Minnesotans don’t hibernate in the winter, they get out and get going! From the snow-blanketed forests and frozen waterfalls up north to an idyllic island getaway inside the metro area, there are natural wonders within easy—and not so easy—reach of your snowshoes, cross-country skis or sturdy boots. Here are 10 amazing places for your must-do adventure checklist. So, layer up, embrace the chill, and go make some really cool memories!
C.J. Ramstad/ North Shore State Trail
Ready to take your snowmobile for an expedition into the Minnesota wilderness? The C.J. Ramstad/North Shore State Trail awaits. Stretching 146 miles from Duluth to Grand Marais, the trail runs along forested ridgelines overlooking Lake Superior. In this remote and pristine wilderness, you might spot moose, deer, fox and the occasional timber wolf. Named in honor of the late photojournalist and snowmobile enthusiast, C.J. Ramstad, the trail is one of the state’s natural treasures. Plan your adventure by visiting the MN Department of Natural Resources Trail Guide.
Warroad Skate Path
Tired of skating circles around your neighborhood pond or local rink? Crank up the heat in your vehicle and head north to the Warroad Skate Path. Spanning 2.5 miles along the Warroad River, the trail connects seven community hockey rinks and provides skaters with hours of glide time on the frozen river. Located just south of the Canadian border on the shores of the Lake of the Woods, Warroad is a community dedicated to transforming deep-winter chills into exhilarating thrills. Start planning your trip by visiting the Riverbend Skate Path page. Learn more about the skate path’s story by reading this story from MPRNews.
North Country Trail – Itasca State Park
On its 4,600-mile path from North Dakota to Vermont, the epic North Country Trail meanders through some of the most beautiful landscape in Minnesota. Strap on your skis or snowshoes and take in the quiet beauty of a winter forest on the trail’s stretch across Itasca State Park. Winding through towering stands of pine and along icy streams and lakes, the landscape is dotted with boulders and frozen bogs where you might hear hooting owls if you’re out after dark. Visit the Itasca State Park page for directions, trail information and maps.
Thomson Trail – Jay Cooke State Park
The Thomson Trail in Jay Cooke State Park takes you across the picturesque Swinging Bridge and onto a rustic loop that traces 6.5 miles along the St. Louis River. Points of interest include the historic Thomson Pioneer Cemetery, spectacular views of the river from Oldenburg Overlook, and a beautiful log-and-stone picnic pavilion and other structures built by the Civilian Conservation Corps during the 1930s. Skiers and snowshoers should note that they’ll share a portion of the trail with snowmobilers. Learn more at Jay Cooke State Park.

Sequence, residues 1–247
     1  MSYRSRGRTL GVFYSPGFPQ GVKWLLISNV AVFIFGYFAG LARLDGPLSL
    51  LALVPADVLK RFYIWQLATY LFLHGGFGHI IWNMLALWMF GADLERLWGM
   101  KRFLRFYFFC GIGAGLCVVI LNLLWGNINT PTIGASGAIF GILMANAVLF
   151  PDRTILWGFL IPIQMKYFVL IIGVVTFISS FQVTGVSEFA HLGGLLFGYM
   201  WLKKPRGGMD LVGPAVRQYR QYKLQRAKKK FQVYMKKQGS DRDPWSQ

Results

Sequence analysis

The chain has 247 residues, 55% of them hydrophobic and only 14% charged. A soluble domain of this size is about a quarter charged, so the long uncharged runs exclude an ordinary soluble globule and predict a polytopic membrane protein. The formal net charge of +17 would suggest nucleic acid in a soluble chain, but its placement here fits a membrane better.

High Falls Trail – Grand Portage State Park
An easy half-mile snowshoe hike takes you to the frozen base of the High Falls, where the Pigeon River bursts from the ice and cascades 120 feet on the last leg of its journey to Lake Superior. Located on the Canadian border in Grand Portage State Park, this stunning waterfall (the tallest in Minnesota) is easily accessible but not easily forgotten. For a more ambitious snowshoe excursion, tackle the steep and rugged Middle Falls trail. Learn more at Grand Portage State Park.
Quarry Loop Trail – Banning State Park
Known for the churning white waters of the Kettle River, Banning State Park attracts scores of canoers and kayakers throughout the warm seasons. For a short but scenic snowshoeing outing, try the 1.8-mile Quarry Loop Trail. Hugging towering rock walls where sandstone was once quarried, the path follows the riverbanks, eventually leading to Hell’s Gate, where you’ll find the ruin of a building where sandstone was once crushed and sorted. Plan your snowshoe hike by visiting Banning State Park.
High Falls Trail – Tettegouche State Park
For a short winter trek with a big payoff, it’s hard to beat the High Falls Trail in Tettegouche State Park. Just 1.5 miles from the trailhead, this moderate hike takes you to the feet of the High Falls of the Baptism River. If you’re not too chilled and hungry for more views, head up to Palisade Head and take in the expansive views of Lake Superior. Start planning your excursion by visiting Tettegouche State Park.
Minnehaha Regional Park
You don’t have to leave Minneapolis to experience the natural splendors of winter. Offering over three miles of paved and plowed trails, visitors catch great views of limestone bluffs, enchanting river overlooks, and the crowning touch—a 53-foot frozen waterfall. The park also has a six-acre dog park that lets your furry friend run through the snow and socialize with other pooches—all leash free! Find out more at Minnehaha Regional Park.
Pike Island – Fort Snelling
In the midst of the Twin Cities metro is an idyllic spot the Dakota people once called the “center of the earth.” Set at the confluence of the Minnesota and Mississippi Rivers, Pike Island is encircled by a four-mile loop that takes you through groves of dormant cottonwoods, ash, silver maples, and willows. Winter is an ideal time to explore because the crowds have thinned, letting you enjoy rare moments of peace and solitude in the city. Visit the Fort Snelling State Park page for maps and directions.
River Trail – Wild River State Park
Meandering 1.5 miles along the banks of the frozen St. Croix River, the River Trail is perfect for a quick winter outing. Whether taking your time on snowshoes or zipping along on cross-country skis, you’ll be treated to splendid views of the river and distant hills of Wisconsin before reaching the Nevers Dam overlook and historic display. If you’re keen to go deeper into nature, Wild River State Park offers over 30 miles of trails for all skill levels, from beginning to advanced skiers and snowshoers. Learn more at the Wild River Trail Guide.